Quantitative Imaging At Nanoscale by SUper-resolution (QIAN SU LAB)
- to bridge biomedical engineering and biophysical nanotools with fundamental sciences, by applying advanced imaging methods to quantitatively pinpoint the molecular secrets during important biological processes
Novel in vitro reconstitution assay for Autophagy and Mitochondrial Metabolism
I have longstanding interest in understanding autolysosome composition and dynamics, the fundamental autophagy (literally, “self-eating” in Greek) mechanism implicated in cancer, neurodegenerative diseases, infectious diseases, and metabolic diseases and awarded Nobel Prize 2017.
From 2011 to 2016, by leading 3 PhDs and 2 RAs from Peking, Tsinghua University and Chinese Academy of Science, I have established an easy-to-use single-molecule in vitro reconstitution assay to study motor protein induced membrane deformation, reformation and dynamics. This in vitro pure system provides an unprecedented flexibility in manipulating motor protein conformation, lipid composition, vesicle size, Ca2+ion concentration and ATP/ADP binding condition, which cannot be genetically or physiologically controlled in intracellular environment. Notably, Development Cell Editor Dr Ilil Carmi commented our work as “an extremely convenient in vitro knock-down treatment could be achieved through the reconstitution assay” .
Using this powerful in vitro experimental platform, our team have demonstrated that the kinesin-1 KIF5B, through interactions with PtdIns(4,5)P2, drives tubulation by pulling on the autolysosome membrane, revealing a motor-based membrane deformation process that helps maintain lysosomal homeostasis [1,2]. This work was recommended and highlighted by F1000 Prime by Prof. Wei GUO and Prof. Bin WU: “This paper provides a working model to explain how microtubule motor proteins are involved in lysosome membrane dynamics.”
A following work using this in vitro reconstitution system for mitochondrial metabolism, uncovered an essential mechanism for mitochondrial network formation driven by KIF5B and mediated by MFN1/2 and revealed that different parts of the mitochondrial network are formed by different mechanisms , cover story in Cell Research.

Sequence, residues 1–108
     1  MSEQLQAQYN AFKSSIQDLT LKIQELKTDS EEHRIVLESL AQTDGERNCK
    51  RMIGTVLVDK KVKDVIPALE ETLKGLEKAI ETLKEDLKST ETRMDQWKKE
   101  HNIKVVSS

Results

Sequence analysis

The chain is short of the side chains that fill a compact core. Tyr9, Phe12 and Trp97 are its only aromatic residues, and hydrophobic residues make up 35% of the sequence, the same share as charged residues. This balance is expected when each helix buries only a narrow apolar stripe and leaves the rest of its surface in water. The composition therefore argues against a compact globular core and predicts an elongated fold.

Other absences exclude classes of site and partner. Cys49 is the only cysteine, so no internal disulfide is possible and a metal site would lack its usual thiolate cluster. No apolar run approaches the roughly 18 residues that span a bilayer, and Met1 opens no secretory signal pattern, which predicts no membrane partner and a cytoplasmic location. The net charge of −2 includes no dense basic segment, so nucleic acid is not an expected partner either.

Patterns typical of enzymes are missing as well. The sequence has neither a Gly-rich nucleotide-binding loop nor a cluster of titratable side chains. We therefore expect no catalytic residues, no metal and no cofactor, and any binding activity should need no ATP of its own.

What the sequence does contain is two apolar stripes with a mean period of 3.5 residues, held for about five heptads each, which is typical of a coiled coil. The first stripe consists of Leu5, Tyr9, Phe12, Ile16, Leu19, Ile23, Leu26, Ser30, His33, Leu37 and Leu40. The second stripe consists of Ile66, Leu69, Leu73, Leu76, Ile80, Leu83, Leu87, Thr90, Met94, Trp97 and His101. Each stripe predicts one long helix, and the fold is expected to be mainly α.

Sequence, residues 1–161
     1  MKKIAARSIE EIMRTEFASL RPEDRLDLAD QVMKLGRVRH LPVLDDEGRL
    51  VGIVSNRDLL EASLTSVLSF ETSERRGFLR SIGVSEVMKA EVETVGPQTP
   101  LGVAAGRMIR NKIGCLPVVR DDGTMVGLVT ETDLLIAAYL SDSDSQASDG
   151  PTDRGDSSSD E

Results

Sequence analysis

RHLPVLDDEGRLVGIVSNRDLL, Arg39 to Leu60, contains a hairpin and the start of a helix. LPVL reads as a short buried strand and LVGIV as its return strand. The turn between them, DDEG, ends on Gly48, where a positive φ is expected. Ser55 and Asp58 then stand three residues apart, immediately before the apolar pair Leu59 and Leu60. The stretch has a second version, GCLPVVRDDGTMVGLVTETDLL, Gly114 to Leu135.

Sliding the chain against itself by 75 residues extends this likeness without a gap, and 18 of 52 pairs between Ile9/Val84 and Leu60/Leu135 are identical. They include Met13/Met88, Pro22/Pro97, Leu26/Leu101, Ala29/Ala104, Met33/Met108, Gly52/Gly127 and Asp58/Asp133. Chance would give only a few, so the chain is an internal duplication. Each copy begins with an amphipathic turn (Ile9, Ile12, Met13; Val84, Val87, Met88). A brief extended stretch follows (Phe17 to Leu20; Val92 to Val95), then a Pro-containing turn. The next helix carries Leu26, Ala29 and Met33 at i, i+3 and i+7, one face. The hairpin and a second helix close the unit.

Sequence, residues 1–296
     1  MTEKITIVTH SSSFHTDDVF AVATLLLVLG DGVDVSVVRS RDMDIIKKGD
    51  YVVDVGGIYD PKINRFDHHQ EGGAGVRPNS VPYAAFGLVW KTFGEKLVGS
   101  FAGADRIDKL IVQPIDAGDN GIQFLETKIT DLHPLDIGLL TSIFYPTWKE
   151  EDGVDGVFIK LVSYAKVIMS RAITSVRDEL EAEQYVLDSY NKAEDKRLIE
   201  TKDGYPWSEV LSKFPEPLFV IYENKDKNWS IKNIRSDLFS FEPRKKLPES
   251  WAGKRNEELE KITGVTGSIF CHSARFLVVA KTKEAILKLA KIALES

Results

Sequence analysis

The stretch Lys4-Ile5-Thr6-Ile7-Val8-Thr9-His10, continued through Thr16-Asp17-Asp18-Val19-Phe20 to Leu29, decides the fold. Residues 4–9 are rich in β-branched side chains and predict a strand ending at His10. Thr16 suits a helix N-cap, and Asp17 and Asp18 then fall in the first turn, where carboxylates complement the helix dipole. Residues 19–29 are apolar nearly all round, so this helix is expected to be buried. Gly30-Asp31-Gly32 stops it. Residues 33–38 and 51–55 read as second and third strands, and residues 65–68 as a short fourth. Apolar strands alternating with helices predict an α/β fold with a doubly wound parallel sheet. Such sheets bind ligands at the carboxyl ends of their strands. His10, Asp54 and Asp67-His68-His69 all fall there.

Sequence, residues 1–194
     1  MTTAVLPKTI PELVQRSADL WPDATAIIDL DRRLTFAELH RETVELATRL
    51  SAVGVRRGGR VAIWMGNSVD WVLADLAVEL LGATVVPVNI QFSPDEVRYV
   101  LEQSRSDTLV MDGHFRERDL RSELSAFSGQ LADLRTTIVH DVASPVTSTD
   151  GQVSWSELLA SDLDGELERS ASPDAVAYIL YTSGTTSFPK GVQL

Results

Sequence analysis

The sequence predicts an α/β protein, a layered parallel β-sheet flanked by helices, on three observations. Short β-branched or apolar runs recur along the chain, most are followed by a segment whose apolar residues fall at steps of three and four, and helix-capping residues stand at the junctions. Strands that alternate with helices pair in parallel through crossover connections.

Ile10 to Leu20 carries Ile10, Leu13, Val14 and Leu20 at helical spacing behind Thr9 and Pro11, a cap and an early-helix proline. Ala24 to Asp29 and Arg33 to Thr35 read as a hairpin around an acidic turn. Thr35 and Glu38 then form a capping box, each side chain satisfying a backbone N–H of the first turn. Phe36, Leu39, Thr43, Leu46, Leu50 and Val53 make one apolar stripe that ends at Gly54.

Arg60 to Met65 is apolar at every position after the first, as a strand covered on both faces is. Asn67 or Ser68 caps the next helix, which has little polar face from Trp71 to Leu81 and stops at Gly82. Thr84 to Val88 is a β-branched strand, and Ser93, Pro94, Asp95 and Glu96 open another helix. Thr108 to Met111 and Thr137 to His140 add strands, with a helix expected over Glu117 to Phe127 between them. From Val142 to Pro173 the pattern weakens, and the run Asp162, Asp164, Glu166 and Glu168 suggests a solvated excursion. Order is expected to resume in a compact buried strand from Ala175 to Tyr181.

The well-established in vitro reconstitution assay with single-molecule sensitivity has further been applied to understand CapZ and actin in autophagy , ATP/ADP in kinesin motility , Ca2+ in myosin motion , Golgi derived vesicles  and I was listed as contributing authors in these papers. Three more invited book chapter and review papers have been published in the following years [8-10].
Pinpoint Chromatin 3D Structure and DNA Replication by Super-resolution Microscopy
Mammalian DNA replication is initiated at numerous replication origins, which are clustered into thousands of replication domains (RDs) across the genome. However, it remains unclear whether the replication origins within each RD are activated stochastically. To understand how replication is regulated at the sub-RD level, I have worked with Prof Xiaoliang Sunney XIE and Prof Xiaowei ZHUANG and their colleagues at Harvard and developed multi-colour 3D STORM chromatin imaging analysis. This new method advanced the field by allowing one to visualise the spatio-temporal organization, morphology, and in situ epigenetic signatures of individual replication foci (RFi) across S-phase. Importantly, I have revealed a hierarchical radial pattern of RFi propagation that reverses its directionality from early to late S-phase, and is diminished upon caffeine treatment or CTCF knockdown. Together with simulation and bioinformatics analyses, my research works point to a ‘CTCF-organized REplication Propagation’ (CoREP) model. The CoREP model suggests a non-random selection mechanism for replication activation mediated by CTCF at the sub-RD level, as well as the critical involvement of local chromatin environment in regulating replication in space and time .
The well-established super-resolution assay (optical configuration and analysis algorithms) with 30nm resolution in cell nucleus has also been applied to understand the role of PTEN protein in DNA repair , DNA oligo bio-conjugation and localization  and transcription factor in bacterial cells .
Visualise integrin αIIbβ3 dynamics and its interactome in platelet clotting
By working with Dr JU and Prof JACKSON from University of Sydney, I have established the TIRF/HiLoM/ STORM system at Charles Perkins Centre of USYD/HRI. With a palette of new organic probes and dye-conjugated antibodies, we have mapped the spatio-temporal distribution of integrin αIIbβ3 with “bent” vs. “extended” conformation attributed to “resting” vs. “activated” platelets respectively at single cell level. Furthermore, I performed Multi-colour SM imaging to correlate these integrin conformation states with dynamics of cell membrane, actin, and microtubules. This interactome analysis demonstrates that the resting integrin distribute ahead of membrane spreading followed by the activated integrin in sequence, suggesting the role of integrin activation in leading the molecular machinery during the platelet spreading and aggregation process.
My further STORM analysis further mapped integrin αIIbβ3 conformational landscape across different stages of platelet activation at single-molecule resolution (~20 nm). The molecular “fingerprints” obtained by my SM/SR imaging approaches will conceptually advance the knowledge on integrin structure, affinity regulation and dynamics which sheds light to novel integrin targeting therapeutics in future.